Myth #1 Your string mop doesn’t need to be washed because it soaks in floor soap!
FALSE While it may seem counterintuitive, your cleaning tools need cleaning too! While your mop does get dunked in lots of soapy water, that water is usually pretty gross by the end of the job. By leaving the dirty water on your mop strings to slowly dry in some dark closet, you’re essentially setting up a Germ Rave Party (minus a DJ and a few glow sticks)! If you don’t want to be wiping your floor with pond
scum the next time you clean, buy a mop with a detachable head that can be washed and dried in your laundry machine. Better yet, ditch the string mop for a microfiber flat mop, as their pads take up less room in your laundry and the microfiber picks up more dirt and leaves your floors shinier.
Myth #2 You can clean your dish sponge by squeezing it out under running water.
FALSE You can rinse your sponge in water all you want, but without a disinfectant, you’re leaving a ton of bacteria behind to grow and infect your next load of dishes! You can disinfect your sponge by either soaking it in bleach water (3/4 cup per gallon water), or running it through your dishwasher (the steam from the heat drying at the end does all the killing). Technically you can steam kill the germs by saturating the sponge with water and zapping it in the microwave for 60 seconds, but this method doesn’t help wash
away all the food residue like the other methods—if you’re a lazy rinser beforehand, it will still grow bacteria once it cools (and stink from being overcooked in the microwave).
Myth #3 Using paper towels to clean your home isn’t really that bad.
FALSE While we know they’re convenient, paper towels are pretty much the worst choice you could make for real house cleaning. First and foremost, they’re not that great at cleaning! Sure, they’re absorbent, but most paper towels fall apart when you try to scrub with them and lint on shiny surfaces like mirrors. Worst of all, they’re terrible for the environment. Most white paper towels are made with virgin pulp, which means they came straight from a tree to your hand. Unlike most virgin pulp product like copy paper, once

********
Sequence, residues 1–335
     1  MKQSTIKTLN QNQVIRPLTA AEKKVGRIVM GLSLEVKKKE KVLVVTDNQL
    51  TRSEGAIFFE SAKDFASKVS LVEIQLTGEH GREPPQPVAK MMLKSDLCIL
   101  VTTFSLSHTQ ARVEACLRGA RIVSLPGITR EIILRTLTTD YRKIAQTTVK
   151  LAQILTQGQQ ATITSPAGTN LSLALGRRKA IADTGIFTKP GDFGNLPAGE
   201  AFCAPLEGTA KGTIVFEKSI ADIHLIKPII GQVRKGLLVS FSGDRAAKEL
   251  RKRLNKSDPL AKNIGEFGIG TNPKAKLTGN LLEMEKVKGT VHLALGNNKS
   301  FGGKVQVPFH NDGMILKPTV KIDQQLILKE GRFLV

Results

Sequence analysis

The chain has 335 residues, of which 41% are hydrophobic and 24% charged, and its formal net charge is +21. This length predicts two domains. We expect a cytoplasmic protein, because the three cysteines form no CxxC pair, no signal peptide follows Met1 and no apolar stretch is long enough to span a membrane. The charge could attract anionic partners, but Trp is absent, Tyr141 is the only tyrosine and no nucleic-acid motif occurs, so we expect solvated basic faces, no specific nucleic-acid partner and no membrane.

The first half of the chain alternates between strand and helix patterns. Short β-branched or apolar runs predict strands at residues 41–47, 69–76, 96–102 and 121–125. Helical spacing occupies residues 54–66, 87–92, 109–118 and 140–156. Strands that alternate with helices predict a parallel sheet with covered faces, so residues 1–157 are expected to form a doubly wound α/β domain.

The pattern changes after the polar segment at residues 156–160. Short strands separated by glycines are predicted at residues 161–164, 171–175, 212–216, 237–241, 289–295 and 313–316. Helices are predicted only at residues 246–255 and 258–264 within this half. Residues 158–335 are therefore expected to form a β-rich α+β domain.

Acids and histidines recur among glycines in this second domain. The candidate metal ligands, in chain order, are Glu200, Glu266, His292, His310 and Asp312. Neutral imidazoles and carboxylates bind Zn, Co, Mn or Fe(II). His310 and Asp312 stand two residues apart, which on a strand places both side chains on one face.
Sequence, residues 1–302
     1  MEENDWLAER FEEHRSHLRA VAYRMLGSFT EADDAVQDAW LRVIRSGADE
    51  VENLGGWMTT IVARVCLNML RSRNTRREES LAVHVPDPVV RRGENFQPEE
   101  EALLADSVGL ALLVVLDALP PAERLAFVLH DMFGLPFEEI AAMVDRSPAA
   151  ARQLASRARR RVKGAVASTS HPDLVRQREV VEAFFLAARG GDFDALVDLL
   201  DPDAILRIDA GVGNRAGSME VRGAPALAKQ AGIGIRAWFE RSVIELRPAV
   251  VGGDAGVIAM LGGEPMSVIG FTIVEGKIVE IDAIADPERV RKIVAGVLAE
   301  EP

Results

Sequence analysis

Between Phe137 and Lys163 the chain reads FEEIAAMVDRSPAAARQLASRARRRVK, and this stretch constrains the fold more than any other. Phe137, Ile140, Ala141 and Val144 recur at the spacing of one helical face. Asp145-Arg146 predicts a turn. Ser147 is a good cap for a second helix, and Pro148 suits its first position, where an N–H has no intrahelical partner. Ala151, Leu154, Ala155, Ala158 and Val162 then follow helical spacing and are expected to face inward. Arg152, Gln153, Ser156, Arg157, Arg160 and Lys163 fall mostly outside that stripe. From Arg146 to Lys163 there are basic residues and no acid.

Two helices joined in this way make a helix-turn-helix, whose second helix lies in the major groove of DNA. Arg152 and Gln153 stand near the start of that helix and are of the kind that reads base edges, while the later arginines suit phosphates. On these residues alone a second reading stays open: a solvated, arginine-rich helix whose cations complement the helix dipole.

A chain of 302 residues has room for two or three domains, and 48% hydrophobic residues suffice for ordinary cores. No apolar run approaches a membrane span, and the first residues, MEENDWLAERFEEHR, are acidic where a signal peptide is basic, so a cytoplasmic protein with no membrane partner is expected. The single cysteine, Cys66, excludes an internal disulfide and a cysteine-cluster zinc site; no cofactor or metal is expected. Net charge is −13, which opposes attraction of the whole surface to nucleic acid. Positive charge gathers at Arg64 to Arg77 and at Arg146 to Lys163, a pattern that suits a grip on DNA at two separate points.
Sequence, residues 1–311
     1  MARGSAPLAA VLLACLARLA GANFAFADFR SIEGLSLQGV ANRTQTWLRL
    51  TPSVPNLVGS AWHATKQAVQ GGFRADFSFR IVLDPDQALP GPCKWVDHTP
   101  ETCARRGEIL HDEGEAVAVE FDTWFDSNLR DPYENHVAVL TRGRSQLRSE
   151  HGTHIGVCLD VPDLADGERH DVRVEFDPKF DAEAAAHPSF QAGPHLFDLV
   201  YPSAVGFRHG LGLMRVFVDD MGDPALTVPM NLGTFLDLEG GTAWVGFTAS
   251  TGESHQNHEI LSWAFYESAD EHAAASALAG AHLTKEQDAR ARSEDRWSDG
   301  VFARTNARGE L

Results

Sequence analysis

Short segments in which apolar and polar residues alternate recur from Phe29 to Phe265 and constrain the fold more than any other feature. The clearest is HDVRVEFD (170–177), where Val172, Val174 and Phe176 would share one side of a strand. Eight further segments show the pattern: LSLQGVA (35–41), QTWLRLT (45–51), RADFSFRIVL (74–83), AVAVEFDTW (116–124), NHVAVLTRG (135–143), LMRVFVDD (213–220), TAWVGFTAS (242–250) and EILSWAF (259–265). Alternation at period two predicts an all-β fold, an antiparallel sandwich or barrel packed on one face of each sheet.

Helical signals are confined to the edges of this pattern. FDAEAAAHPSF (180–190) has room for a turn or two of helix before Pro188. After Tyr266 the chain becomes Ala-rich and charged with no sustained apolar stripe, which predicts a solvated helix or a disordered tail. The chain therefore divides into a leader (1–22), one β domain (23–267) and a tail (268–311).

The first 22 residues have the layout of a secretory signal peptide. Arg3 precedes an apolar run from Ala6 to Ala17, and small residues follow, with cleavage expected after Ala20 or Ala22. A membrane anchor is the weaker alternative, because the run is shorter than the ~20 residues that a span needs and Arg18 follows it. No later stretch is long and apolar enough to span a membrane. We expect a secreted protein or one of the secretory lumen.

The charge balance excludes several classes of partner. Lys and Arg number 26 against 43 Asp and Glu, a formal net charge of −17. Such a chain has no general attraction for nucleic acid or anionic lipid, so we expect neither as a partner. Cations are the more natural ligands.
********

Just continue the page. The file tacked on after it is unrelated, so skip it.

that paper towel has been used, it can never be recycled. That means that whole tree grew for years, and that whole factory churned tons of fossil fuels, all for the honor of wiping your counter for 30 seconds to then head to a landfill forever. If you are a paper towel addict, start by weaning yourself to using them only for situations where you’re cleaning something you don’t want to launder, like cleaning up your
kitchen counter after working with raw meat.
Myth #4 Tearing up old bath towels to use as cleaning rags is thrifty and “green.”
FALSE Reusing old towels as cleaning rags feels like you’re saving money and the environment at first glance, but sadly, the opposite is true. Old-fashioned cleaning fabrics like cotton pick up way less dirt than modern microfiber, and thread bear old cotton towels will pick up even less than cotton. When most people clean with a poor wiping cloth, they compensate by using way more soap, which is bad for both the environment and your pocketbook. Investing in high quality microfiber cleaning cloths always pays for itself as they last for hundreds of washes, reduce soap usage, and lessen cleaning labor with every use. If you must use that old bath towel, use it to sop up something too gross or dangerous to launder that needs to be thrown out, like those hardcore oven cleaning sprays.
Myth #5 When it comes to scrub brushes and scouring pads, the stronger the better!
FALSE In our culture of Bigger/Faster/Stronger, it’s easy to be seduced into buying too much firepower for the task at hand, and ending up trashing the thing you’re trying to clean. While your local home improvement store may sell very harsh scrub brushes and heavy duty scrub pads, they’re intended to be bought by professional contractors to use carefully as a one-time shock treatment, not continuously by you. By abusing the surfaces of your bathroom with overly abrasive tools, you are actually wearing down the seals and coatings on the surfaces, sometimes removing little bits of the grout or stone itself, taking years off the lifespan of your shower. Stick to the non-abrasive scrub pads and medium-duty bristles for regular cleaning. If you need more fire power, just let your soap soak longer on the surface to do the hard
work for you….patience pays off!